Root Awakening: Chilli plant has fungal disease, plant is Pom Pom Asparagus and more

A cherry tomato plant (left) and pom pom asparagus plant.
A cherry tomato plant (left) and pom pom asparagus plant.PHOTOS: LIM KIM HONG, VERNON KANG

Hand pollination may help with fruit production

I have been growing this cherry tomato (above) in a mix of potting soil and quality compost, and ensure the water is well drained from the base of the pot. I am using a combi- nation of organic fertiliser and black bone meal. The plant is grown in the open but partly shaded. Yet the flowers have dried up and no fruit has been produced. What is wrong?

Lim Kim Hong

Try hand pollinating your tomato flowers to improve fruit production. Different gardeners have used tools such as a soft paintbrush to transfer pollen from one flower to another. Others have used an electric toothbrush to shake flowers from the back to help with the pollination process.

Pom pom asparagus mainly grown as an ornamental plant

I bought this plant from the wet market. It has fine, needle-like leaves. I thought it was dill or fennel, but the leaves have no discernible smell. The plant has started to flower. What plant is it?

Vernon Kang

Your plant is botanically known as Asparagus retrofractus, and its common names include Ming Fern and Pom Pom Asparagus. It is grown mainly as an ornamental plant for its fine foliage. As it has sharp spines, handle it with care.

This plant grows best under filtered sunlight and well-drained soil, and can be propagated by dividing it.

Hairy crabweed is a weed in Singapore

This plant is growing in the same flower pot as my potted palm tree. What is it?

Diana Tan


The plant growing in the flower pot is Fatoua villosa and also known by common names such as Hairy Crabweed and Mulberryweed. It occurs as a weed in Singapore and can reproduce and spread rapidly, colonising an area in a very short time.

Chilli plant may have fungal disease

My Ghost Pepper plant has had translucent concentric leaf spots appearing on its leaves. The number of leaves with these spots has increased in just a few weeks. Is the plant sick? It looks healthy, and has had new leaves and even flowers grow.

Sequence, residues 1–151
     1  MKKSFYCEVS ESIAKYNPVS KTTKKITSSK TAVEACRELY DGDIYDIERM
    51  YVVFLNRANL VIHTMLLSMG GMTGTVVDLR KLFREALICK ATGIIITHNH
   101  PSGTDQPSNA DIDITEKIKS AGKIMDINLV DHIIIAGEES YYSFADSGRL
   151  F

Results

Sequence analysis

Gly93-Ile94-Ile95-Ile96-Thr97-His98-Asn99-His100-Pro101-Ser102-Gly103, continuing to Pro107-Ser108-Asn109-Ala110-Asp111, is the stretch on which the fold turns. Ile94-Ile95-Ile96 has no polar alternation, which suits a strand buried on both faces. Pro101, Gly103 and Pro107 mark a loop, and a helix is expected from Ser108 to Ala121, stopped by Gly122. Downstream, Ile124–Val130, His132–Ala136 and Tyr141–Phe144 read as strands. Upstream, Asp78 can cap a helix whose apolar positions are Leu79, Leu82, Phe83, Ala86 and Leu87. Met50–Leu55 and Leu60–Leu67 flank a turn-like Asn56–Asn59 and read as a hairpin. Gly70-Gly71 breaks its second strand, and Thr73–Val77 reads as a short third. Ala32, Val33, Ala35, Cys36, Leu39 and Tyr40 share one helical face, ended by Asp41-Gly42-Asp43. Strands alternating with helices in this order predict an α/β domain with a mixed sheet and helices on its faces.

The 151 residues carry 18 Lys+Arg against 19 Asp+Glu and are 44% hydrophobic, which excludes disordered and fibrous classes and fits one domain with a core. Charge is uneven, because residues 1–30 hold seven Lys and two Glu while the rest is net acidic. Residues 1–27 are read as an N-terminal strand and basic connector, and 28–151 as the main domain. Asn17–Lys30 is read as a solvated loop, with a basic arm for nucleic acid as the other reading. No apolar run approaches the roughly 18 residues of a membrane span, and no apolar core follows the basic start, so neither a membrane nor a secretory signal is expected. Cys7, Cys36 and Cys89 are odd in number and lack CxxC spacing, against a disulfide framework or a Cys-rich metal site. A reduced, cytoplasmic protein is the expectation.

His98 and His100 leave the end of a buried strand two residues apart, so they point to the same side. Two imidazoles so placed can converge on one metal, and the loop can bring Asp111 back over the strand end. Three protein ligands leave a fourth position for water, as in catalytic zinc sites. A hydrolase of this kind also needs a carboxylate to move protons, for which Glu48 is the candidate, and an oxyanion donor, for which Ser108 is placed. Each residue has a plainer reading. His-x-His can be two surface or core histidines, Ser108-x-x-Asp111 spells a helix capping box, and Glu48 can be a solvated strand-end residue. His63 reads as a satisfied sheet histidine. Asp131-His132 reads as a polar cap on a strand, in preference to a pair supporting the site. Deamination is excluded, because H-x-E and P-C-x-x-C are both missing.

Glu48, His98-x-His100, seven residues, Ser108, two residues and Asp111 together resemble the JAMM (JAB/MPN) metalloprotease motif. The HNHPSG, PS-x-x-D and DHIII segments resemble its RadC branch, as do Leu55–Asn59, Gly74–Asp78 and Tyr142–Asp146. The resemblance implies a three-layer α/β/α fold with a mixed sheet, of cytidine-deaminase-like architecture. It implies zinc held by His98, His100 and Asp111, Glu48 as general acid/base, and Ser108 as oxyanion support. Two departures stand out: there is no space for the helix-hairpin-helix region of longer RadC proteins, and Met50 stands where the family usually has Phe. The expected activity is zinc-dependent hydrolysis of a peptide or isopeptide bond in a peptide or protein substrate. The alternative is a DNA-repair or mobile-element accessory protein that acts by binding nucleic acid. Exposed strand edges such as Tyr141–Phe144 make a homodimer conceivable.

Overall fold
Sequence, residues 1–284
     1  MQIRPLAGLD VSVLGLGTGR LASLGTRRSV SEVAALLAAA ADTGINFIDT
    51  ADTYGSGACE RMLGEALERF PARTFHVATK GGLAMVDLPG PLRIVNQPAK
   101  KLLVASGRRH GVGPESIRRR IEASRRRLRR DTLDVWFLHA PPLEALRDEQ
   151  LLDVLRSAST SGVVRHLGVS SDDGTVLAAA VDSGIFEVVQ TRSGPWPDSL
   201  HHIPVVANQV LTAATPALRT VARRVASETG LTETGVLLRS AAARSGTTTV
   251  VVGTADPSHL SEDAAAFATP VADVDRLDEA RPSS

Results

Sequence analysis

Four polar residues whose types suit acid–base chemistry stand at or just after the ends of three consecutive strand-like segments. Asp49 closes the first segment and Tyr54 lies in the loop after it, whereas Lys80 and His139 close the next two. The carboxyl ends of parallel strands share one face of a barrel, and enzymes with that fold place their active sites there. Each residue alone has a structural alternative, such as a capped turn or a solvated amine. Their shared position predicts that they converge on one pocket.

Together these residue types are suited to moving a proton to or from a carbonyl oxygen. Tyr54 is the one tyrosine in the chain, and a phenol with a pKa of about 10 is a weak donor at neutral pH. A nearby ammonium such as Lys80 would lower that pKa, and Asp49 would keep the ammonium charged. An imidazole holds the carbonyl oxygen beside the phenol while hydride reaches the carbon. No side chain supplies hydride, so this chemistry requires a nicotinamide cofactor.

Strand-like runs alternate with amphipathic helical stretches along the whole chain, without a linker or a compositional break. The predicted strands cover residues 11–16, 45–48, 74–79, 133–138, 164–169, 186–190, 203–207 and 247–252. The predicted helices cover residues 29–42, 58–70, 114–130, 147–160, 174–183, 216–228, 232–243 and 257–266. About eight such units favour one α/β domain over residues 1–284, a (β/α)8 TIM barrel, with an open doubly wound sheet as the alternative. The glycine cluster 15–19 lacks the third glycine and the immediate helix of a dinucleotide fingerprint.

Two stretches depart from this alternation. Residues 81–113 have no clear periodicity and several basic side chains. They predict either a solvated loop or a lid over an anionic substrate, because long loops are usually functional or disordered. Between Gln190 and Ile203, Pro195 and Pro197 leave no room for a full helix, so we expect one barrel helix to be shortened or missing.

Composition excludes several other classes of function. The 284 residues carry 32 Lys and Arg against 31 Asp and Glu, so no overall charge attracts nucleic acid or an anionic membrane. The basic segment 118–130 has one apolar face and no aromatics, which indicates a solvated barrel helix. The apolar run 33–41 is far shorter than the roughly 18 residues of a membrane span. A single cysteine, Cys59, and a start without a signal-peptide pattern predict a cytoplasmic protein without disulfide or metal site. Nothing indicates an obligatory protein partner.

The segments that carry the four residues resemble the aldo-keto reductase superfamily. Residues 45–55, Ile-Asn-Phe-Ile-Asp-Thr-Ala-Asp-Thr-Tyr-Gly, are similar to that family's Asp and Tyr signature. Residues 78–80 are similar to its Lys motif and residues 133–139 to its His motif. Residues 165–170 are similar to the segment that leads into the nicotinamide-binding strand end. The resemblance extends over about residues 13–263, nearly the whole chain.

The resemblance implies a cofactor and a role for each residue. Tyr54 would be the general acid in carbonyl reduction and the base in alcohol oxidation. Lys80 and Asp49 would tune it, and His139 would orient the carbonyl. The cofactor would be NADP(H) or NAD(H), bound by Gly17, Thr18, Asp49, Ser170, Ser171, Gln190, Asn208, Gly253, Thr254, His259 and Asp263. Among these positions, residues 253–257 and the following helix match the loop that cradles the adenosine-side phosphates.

Xueting Chia


From the picture and description, it appears that the leaves of your Ghost Pepper (a cultivar of Capsicum chinense) have been infected by a fungal disease. Infected leaves will not recover and you may need to remove them to prevent the spread of the disease.

Wet weather can increase the incidence of the disease, so it is best to protect your plants during rain. A clear plastic shelter usually helps, as it allows sunlight to get through and keeps rain out.

Ensure the plant receives plenty of sunlight and air circulation.

Sweet prayer plant needs more water

My plant's leaves are turning yellow at the corners. It receives indirect sunlight indoors, and direct sunlight twice a week for six hours each time when it is taken out for watering. Is this due to insufficient sunlight or water? There are no visible signs of a pest infestation.

Lincy Mary George


The burnt leaves of your Sweet Prayer Plant (Thaumatococcus daniellii) may be due to a dried-out root zone, excessive fertiliser salts at the root zone or usage of tap water to water it. Ensure your plant is well watered and moist at all times.

Avoid over-fertilising with chemical fertilisers as nutrients that are not absorbed can build up over time. Organic fertilisers with lower nutrient content, such as seaweed extract and fish emulsion, may be beneficial in this situation.

The use of tap water containing fluoride can burn leaves, as plants in the Prayer Plant family (Marantaceae) may be sensitive to it. Some gardeners use collected rain water to water such plants to reduce the incidence of this problem.

Your plant seems to have filled its pot, so you may want to transplant it into a larger pot. A larger soil volume will reduce the likelihood of the roots drying out.

Answers by Dr Wilson Wong, an NParks-certified practising horticulturist, parks manager and ISA-certified arborist. He is the founder of Green Culture Singapore and an adjunct assistant professor (Food Science & Technology) at the National University of Singapore.

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